On Jan. 16, 2019, at 2:21 p.m. Nicholas Arens was driving his vehicle on 330th St. North of Kingston when he began to have a medical reaction. Nicholas went unconscious and his vehicle went into the ditch. The heat from his vehicle began to set the grass and cat tails on fire which in turn started his vehicle on fire. Linda and Thomas Rozeske were driving through the area and saw Nicholas unconscious in his vehicle in the ditch. They saw smoke coming from the vehicle and realized the vehicle was starting to catch fire. Linda and Thomas called 911 to activate the emergency response system and get Nicholas help. Mitch Thurber also happened to be in the area and also saw Nicholas unconscious in his vehicle. Mitch also saw the vehicle was catching fire. Realizing Nicholas was unable to get out of the vehicle, Mitch put his own life in danger to get Nicholas out of the vehicle. Mitch broke out a window of the vehicle and pulled Nicholas to safety until first responders were able to arrive. Because of the immediate and appropriate response by Linda Rozeske, Thomas Rozeske, and Mitch Thurber, Nicholas’ life was saved. At this time I would like to present awards to the following:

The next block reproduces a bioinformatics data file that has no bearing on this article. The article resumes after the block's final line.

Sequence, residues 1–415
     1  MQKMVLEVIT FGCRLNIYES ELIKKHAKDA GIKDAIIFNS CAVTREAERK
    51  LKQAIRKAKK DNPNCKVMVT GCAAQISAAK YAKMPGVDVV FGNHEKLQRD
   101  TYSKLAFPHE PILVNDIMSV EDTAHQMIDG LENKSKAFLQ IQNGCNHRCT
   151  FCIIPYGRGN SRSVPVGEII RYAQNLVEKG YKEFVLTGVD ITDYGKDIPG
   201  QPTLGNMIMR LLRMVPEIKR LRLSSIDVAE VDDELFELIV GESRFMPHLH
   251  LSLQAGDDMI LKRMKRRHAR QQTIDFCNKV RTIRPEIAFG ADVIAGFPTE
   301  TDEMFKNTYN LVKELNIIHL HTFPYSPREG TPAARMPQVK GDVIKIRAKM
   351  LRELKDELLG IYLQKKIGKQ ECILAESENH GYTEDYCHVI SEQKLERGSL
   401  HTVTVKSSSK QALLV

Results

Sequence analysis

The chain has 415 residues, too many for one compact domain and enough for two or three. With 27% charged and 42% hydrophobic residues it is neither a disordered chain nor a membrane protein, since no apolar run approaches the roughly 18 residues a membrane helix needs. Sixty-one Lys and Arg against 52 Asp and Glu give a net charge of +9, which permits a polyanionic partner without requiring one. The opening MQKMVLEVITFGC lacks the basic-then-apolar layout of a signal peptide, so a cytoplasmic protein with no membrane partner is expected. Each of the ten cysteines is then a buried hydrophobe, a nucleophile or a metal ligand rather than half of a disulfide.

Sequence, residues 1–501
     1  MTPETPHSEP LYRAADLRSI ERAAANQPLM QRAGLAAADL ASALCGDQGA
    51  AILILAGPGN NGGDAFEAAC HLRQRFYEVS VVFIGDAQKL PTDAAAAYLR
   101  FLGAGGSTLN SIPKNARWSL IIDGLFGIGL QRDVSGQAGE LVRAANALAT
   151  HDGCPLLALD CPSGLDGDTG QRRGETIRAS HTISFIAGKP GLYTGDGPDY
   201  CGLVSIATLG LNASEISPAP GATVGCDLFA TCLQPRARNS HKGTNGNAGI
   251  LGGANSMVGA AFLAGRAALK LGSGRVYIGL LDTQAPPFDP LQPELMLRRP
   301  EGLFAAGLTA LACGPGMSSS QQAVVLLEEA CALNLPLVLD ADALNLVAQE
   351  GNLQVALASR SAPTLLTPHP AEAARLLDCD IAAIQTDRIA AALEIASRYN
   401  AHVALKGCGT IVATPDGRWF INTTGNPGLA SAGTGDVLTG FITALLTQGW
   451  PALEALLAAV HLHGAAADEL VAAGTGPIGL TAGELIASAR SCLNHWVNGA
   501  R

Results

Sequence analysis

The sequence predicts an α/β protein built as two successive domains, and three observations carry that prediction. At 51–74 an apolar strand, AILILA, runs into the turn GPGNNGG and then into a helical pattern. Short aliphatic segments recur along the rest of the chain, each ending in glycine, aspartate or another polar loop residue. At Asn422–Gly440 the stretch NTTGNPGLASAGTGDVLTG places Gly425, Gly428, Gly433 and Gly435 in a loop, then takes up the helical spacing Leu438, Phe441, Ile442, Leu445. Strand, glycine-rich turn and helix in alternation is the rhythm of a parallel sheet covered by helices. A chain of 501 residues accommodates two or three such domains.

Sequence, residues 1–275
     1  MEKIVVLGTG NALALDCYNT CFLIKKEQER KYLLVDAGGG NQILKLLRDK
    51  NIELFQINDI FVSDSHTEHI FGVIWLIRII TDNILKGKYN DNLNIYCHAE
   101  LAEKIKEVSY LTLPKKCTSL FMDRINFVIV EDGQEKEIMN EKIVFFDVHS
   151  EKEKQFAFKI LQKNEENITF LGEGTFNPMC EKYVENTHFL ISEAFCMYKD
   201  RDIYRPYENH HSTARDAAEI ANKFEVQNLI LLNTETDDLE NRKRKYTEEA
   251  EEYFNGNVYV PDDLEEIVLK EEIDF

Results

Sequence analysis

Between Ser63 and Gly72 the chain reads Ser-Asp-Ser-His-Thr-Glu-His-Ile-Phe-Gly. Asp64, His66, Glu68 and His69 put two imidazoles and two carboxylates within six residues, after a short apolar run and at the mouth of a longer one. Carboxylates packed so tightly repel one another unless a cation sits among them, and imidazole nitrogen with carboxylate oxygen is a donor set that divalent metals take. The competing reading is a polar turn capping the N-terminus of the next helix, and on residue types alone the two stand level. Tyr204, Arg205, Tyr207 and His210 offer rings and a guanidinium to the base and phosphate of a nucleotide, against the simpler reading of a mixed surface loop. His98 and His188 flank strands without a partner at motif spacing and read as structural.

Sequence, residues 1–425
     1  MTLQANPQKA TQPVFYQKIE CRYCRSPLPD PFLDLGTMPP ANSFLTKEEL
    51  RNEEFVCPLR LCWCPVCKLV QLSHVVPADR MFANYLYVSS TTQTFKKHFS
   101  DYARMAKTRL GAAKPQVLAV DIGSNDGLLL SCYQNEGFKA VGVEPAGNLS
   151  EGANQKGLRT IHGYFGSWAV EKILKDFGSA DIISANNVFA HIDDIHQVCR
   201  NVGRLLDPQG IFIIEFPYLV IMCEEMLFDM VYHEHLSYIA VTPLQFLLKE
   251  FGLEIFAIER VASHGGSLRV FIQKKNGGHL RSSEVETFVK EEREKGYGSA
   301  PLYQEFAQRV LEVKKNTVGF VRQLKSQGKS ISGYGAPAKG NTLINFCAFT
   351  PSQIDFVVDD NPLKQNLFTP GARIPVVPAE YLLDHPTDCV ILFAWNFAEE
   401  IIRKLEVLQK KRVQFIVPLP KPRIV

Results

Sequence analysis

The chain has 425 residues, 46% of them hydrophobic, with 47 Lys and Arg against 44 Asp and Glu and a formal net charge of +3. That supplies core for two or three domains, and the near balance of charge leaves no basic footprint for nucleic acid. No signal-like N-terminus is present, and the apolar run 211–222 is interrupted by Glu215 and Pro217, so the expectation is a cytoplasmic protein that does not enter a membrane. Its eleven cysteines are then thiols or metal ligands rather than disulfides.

• Linda and Thomas Rozeske
• Mitch Thurber
Congratulations, and thank you to all those who were in a position to help and did.